PRINT Summer 1989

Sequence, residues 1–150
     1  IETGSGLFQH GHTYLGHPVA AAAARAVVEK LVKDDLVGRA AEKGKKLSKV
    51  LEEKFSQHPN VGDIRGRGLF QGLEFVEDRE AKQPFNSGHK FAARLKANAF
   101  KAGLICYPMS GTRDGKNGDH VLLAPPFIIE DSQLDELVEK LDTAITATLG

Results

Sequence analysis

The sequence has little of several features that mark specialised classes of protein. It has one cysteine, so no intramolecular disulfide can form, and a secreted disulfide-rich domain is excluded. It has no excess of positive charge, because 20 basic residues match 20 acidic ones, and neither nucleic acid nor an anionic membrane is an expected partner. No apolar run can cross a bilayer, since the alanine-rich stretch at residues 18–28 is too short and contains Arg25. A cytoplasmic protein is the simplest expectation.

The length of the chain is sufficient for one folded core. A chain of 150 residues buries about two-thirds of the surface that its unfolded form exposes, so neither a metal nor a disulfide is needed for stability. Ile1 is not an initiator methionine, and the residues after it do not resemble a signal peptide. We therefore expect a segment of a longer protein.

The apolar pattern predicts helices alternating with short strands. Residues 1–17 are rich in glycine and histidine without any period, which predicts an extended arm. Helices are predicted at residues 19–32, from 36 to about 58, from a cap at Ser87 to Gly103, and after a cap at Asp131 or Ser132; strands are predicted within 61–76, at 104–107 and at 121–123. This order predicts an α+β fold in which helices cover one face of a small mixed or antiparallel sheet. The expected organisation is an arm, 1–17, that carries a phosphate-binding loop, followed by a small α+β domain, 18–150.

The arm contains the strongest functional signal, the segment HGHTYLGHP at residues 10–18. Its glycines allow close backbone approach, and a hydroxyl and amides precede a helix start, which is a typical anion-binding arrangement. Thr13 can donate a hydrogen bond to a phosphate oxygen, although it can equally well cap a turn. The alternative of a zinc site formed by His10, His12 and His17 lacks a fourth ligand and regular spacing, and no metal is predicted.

THERE ARE SOME WHO MAINTAIN that the Devil does not exist, that He is but a pious invention meant to help us along our difficult road to heaven, a feeble fiction god imagined in the moment of despair when He understood, too late, that the common man—except for the rarest cases of the blessed in spirit—desires solely the world and the body; his dealings with the soul limited during his lifetime to attempts at persuading it to accept a maximum of accommodations to the interstices in both divine and human law. I confess, I myself also do not believe in the Devil. But in cautious compensation, I have blind faith in His representations, innumerable, produced by our anxious minds, now mostly in cinematographic appearances, where He and His manifestations rarely go beyond mere luminous vibration, and yet are convincing, judging by the terror that generally strikes the hearts of spectators.



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